Amy (07:32): I love the Edison quote, but it is right. It gives the wrong impression of scattershot. And I think because the 10,000 is probably not a scientific number, but a kind of poetic number. What he’s saying is, I didn’t mind all of the false starts on the way to the phonograph or the electric light bulb. I understand that’s a necessary part of being an inventor, not scattershot,

John (07:59): Right? So I think you’re actually calling this smart failure, but you may have already said that already, but I know it’s in the book Smart Failure. So in the context of say, an organization, what are some of the characteristics of smart failure versus just failure?

Amy (08:16): Smart failure is anything that’s legitimately in new territory in pursuit of a goal and with a hypothesis and no bigger than it had to be. And that literally could be a formal r and d project, a clinical trial, or it could be a salesperson making a call on a potential client and trying an approach, a script, a way of describing the product that hasn’t been tried before and it falls flat. And that’s a smart failure as long as some thought has gone into it. So I think in companies day in and day out, depending on which part of the operation you’re in, which tasks you have, there’s ample opportunity for smart failures, but they are more numerous in r and d than in execution of operations. But even in operations, let’s say you have an idea, a hypothesis about a way to speed up the line a little bit and you test it in a small way and it doesn’t work, right? That’s an intelligent failure in a routine setting, but it’s a very small one indeed.

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Amy (10:51): I haven’t actually thought of that. I haven’t seen that. But I love the question and it would be worth keeping an eye out for it. I think most of the time that risk is counterbalanced by our very human desire to do well. Even when we know we’re in novel territory and there’s a real risk that it might not go well, we’re still hoping that we’re going to be the ones who gets it right? So even a scientist who, like my husband who says 70% of the experiments in his lab fail even there every day, every scientist, every young scientist is sort of hoping that they’re the ones who are in the 70, not in the 30 that day. So I think of course, motivation can be missing. You can have a place when people aren’t, are apathetic and don’t really care. And then it would be a bigger risk.

John (11:44): I think of a lot of venture capitals that often talk about, they bet on 10 companies kind of almost with the hope that one’s going to be a unicorn, knowing that seven are going to fail. And that probably becomes a bit of a mentality. It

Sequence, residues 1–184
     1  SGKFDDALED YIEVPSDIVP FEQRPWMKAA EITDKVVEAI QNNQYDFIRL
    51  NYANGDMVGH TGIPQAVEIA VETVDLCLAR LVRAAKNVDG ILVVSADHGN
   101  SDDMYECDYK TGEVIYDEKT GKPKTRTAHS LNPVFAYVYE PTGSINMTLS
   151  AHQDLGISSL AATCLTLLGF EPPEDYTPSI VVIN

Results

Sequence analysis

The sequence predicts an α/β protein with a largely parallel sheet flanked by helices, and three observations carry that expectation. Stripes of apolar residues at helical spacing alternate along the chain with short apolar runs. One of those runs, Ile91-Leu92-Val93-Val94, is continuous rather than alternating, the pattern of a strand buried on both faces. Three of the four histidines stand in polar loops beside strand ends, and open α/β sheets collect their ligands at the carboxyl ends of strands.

Amy (11:59): Can become a self-fulfilling prophecy because, and this goes back to the old research on teachers where if you start to expect this one’s a winner and this one’s not a winner, you’ll start to unconsciously do things that help the winners and toward the losers. And so you do have to be honest with yourself and thoughtful about how am I thinking about this company, this project, this person? And if your honest answer is, I don’t think they can make it, test that, think a little more carefully if you really think so. Maybe it’s time to pull out now, maybe you’re wrong. What are you missing? Have an honest, difficult conversation with them or with the executive team. It’s always important to step, be able to step back later and say, I think I did everything I could.

John (12:50): Yeah. So it’s very common. People will say it was only a failure if you didn’t learn something from it. What are some of the, other than learning from failure, what are some of the other return on investments that an organization can start to see by, well-designed failure experiments.

Amy (13:07): It’s mostly learning. And learning means learning’s a pretty encompassing category. It means a lot of different things. It can mean very technical things that now we know to do this and it’ll work. Or it could mean just, Ooh, when we don’t try hard enough, we don’t get the results we want. So there’s lots of things we can learn and those are really important dividends from any failure. But I think we also, the other positive output from a failure that we take the time to learn from is that we learn, sorry, I used the word we discover that we didn’t die of embarrassment or something else. So our failure muscles become a little strengthened. We learned that we’re still okay. And so that’s a kind of confidence enhancer, even though it was a failure. There’s a little bit of a more robust and healthy ego as opposed to unhealthy ego.

John (14:06): I don’t know if you have any examples of this, but there are some people that tried something as a hypothesis experiment, it didn’t work, but they accidentally created Velcro or Right. Like that mean, so are there some potential benefits of by trying more stuff, you’re going to accidentally, right? That was the one I was trying to think of. Yeah, this guy, right?